The person in charge of improving the U.S. image abroad is not expecting it to get much better soon. Karen Hughes, undersecretary of state for public diplomacy, says her efforts are part of a "long-term program."
"This is not something that I expect will change probably much in... the less than three years we have left in the Bush administration," the longtime adviser to President Bush says. "What I'm trying to do is put in place a foundation."
Hughes recently established a center at the State Department to rapidly respond to damaging stories in the world media. And she said she's been encouraging people in the State Department to do lots of talking. Since starting her job, they've given hundreds of interviews to Arab television, many of them in Arabic.
But just as importantly, she says, her department has been doing a lot of listening, including meeting with exchange students. She recalls a group of Fulbright scholars who were "very concerned about their treatment when they arrive in our country. And I've been very worried about that. I think it's very important that America remain a welcoming country."
But searches and other strict security measures at airports can be very unwelcoming.
"One of the things I'm working on is to better explain to people what to expect in today's security environment," Hughes says. She says she is working with the Department of Homeland Security on the issue.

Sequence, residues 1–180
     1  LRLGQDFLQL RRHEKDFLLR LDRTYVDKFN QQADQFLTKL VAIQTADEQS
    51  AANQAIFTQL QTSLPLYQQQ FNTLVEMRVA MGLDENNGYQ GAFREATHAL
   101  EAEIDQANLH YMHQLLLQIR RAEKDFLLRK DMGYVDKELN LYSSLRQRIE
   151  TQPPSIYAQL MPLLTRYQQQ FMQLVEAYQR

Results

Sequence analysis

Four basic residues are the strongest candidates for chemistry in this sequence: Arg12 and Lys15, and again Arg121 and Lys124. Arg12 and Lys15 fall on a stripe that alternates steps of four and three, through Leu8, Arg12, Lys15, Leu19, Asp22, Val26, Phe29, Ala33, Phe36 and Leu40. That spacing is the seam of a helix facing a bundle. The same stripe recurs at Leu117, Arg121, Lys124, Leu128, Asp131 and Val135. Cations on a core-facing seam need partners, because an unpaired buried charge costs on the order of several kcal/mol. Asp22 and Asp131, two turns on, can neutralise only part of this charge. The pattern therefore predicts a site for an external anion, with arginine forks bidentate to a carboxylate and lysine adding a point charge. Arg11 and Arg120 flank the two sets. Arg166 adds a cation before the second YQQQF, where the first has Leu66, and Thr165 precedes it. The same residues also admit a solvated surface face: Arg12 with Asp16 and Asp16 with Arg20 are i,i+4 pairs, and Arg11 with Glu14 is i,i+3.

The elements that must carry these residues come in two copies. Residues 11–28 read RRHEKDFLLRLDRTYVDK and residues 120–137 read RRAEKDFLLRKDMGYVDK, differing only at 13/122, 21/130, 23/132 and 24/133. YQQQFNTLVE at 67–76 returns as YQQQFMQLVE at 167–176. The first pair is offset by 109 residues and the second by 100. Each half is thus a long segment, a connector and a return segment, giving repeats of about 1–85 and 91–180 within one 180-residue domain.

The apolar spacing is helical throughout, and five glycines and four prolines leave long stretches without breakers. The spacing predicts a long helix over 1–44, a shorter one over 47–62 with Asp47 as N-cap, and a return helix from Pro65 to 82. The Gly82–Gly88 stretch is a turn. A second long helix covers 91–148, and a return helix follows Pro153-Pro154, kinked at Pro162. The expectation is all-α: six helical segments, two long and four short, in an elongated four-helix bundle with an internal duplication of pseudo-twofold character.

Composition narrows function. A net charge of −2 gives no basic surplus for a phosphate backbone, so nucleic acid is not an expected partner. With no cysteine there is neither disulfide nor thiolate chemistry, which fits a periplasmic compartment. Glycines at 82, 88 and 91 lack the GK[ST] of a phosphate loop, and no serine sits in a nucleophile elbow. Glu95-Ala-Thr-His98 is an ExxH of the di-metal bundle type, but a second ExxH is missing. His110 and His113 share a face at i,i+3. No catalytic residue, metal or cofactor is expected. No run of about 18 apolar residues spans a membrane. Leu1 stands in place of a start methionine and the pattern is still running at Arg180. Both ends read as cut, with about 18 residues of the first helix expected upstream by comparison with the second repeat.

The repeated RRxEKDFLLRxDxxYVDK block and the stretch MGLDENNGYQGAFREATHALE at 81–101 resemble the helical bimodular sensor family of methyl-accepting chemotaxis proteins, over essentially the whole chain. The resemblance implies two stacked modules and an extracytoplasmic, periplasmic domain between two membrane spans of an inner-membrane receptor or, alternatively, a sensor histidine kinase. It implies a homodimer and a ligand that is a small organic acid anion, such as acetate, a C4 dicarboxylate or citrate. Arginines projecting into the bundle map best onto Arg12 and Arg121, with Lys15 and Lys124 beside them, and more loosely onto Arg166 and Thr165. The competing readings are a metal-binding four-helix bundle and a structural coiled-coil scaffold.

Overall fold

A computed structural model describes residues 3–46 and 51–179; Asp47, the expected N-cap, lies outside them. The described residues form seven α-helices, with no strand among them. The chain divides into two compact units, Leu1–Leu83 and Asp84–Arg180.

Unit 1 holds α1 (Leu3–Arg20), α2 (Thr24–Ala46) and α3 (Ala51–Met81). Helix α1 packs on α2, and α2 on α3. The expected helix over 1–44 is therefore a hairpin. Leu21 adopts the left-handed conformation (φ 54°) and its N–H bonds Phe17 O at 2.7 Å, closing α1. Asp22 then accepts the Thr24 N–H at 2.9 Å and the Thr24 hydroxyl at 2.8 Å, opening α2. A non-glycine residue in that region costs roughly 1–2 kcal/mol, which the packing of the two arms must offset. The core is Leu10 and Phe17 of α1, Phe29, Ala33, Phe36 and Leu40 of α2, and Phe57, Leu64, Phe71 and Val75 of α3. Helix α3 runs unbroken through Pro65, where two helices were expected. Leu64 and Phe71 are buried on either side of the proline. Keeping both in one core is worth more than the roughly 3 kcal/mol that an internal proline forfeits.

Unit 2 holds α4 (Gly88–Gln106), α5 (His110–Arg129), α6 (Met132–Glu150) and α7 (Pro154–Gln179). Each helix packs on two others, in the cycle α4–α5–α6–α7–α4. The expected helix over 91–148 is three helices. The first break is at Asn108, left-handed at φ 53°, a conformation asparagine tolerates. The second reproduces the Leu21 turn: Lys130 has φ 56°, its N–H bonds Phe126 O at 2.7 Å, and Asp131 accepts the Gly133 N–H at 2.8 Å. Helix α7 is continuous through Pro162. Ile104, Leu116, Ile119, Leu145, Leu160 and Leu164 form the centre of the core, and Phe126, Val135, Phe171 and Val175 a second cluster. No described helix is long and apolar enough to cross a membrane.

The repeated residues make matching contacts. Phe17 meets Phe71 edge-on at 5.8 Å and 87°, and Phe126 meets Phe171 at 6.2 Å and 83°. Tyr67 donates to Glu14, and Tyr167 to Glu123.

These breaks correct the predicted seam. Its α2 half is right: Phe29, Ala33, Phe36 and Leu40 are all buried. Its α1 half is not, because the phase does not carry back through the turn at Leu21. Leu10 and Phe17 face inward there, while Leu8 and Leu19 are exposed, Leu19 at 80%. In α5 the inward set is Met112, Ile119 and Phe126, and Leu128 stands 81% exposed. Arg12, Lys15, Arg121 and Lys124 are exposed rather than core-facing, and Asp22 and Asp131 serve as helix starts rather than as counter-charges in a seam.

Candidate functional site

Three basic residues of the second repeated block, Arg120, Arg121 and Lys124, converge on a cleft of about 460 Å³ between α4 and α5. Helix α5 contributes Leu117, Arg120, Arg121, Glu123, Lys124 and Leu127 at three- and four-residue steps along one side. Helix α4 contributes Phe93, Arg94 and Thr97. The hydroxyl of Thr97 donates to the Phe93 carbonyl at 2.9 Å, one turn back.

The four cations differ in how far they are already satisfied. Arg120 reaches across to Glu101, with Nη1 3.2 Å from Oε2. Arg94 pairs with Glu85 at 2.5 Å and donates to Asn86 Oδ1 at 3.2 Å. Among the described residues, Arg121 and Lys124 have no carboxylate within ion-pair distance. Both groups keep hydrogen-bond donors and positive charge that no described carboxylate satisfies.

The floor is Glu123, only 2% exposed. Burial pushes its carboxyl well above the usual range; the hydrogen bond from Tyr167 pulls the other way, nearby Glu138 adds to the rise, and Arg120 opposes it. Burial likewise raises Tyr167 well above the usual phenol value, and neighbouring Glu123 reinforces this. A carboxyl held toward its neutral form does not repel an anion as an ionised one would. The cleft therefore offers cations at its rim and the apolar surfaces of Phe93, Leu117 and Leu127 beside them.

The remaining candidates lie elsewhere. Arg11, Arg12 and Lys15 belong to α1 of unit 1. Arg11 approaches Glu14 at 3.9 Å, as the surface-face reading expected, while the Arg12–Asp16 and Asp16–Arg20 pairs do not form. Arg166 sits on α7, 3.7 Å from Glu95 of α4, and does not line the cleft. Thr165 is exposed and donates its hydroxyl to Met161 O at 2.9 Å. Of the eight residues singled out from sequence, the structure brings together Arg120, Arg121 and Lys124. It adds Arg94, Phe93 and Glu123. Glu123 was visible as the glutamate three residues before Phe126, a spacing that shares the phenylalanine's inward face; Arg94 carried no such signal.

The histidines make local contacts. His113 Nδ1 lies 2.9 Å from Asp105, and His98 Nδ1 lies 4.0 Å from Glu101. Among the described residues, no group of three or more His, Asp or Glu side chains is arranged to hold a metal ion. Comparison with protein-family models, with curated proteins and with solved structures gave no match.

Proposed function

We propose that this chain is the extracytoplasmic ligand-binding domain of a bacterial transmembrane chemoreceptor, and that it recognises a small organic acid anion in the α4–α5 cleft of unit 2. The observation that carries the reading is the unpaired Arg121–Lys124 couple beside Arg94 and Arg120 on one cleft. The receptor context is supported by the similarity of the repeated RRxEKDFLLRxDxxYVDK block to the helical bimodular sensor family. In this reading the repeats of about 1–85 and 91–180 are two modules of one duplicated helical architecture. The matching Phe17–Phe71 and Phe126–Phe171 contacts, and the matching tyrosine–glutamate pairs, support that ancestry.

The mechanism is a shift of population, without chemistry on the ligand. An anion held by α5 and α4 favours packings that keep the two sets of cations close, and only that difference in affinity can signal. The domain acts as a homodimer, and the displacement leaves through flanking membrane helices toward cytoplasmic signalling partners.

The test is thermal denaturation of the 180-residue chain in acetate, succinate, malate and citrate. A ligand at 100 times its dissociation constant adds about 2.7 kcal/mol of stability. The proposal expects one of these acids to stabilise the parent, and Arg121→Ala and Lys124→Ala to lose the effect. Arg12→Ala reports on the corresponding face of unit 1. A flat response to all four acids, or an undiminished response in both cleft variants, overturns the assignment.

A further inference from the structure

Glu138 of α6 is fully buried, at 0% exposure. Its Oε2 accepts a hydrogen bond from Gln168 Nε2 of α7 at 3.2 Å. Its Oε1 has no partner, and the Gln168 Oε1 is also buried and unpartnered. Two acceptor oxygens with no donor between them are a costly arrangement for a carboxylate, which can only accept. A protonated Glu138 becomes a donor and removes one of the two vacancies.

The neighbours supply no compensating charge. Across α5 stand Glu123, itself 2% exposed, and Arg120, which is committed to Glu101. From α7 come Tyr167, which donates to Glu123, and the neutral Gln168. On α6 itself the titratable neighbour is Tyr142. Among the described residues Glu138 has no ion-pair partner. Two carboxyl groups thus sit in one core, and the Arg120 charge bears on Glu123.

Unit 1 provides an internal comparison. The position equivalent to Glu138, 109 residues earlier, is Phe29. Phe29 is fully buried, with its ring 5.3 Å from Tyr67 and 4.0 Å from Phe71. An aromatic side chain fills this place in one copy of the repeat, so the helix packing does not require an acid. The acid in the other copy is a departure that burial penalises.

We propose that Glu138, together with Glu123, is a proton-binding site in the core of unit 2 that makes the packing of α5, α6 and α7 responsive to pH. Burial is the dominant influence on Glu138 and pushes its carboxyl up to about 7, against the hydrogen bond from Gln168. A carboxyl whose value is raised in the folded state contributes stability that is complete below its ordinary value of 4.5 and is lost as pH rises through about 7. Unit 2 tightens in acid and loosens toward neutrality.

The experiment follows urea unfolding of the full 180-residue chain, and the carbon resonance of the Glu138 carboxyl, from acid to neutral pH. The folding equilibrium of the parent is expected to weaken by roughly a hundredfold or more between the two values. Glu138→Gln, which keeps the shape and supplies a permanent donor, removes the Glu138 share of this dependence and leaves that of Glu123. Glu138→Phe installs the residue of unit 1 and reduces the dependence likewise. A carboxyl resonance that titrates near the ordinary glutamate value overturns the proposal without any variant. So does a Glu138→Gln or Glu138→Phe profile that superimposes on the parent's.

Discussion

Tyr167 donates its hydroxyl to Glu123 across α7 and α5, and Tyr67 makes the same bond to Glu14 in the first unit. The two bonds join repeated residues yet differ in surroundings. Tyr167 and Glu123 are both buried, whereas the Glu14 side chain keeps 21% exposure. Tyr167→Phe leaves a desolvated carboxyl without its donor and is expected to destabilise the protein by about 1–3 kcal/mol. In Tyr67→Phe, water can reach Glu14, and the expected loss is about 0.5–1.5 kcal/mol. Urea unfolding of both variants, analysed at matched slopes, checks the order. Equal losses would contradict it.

The Middle East conflict is another key issue.
"One of the things that I heard as I traveled throughout the Middle East is concern about the Israeli-Palestinian policy. I came back from my first trip and relayed to both the secretary (of State) and the president that, to the extent that we could be seen as visibly working to improve life for the Palestinian people," which would improve the U.S. image across the world.
Reports about the treatment of detainees in Iraq and Guantanamo Bay have also been "very difficult" for Hughes' efforts, she says.
"Those pictures from Abu Ghraib were horrible," she says. "I would hope that people should look at them for what they are, which is crimes."
Hughes says she's trying to convince foreigners about the positive aspects of U.S. policy.
"One of my frustrations as a communicator is that a lot of times people don't even know what we've done."
In one example, Hughes says, "We've doubled development assistance to Latin America during President Bush's administration and not one leader I met with during a trip to the region knew that."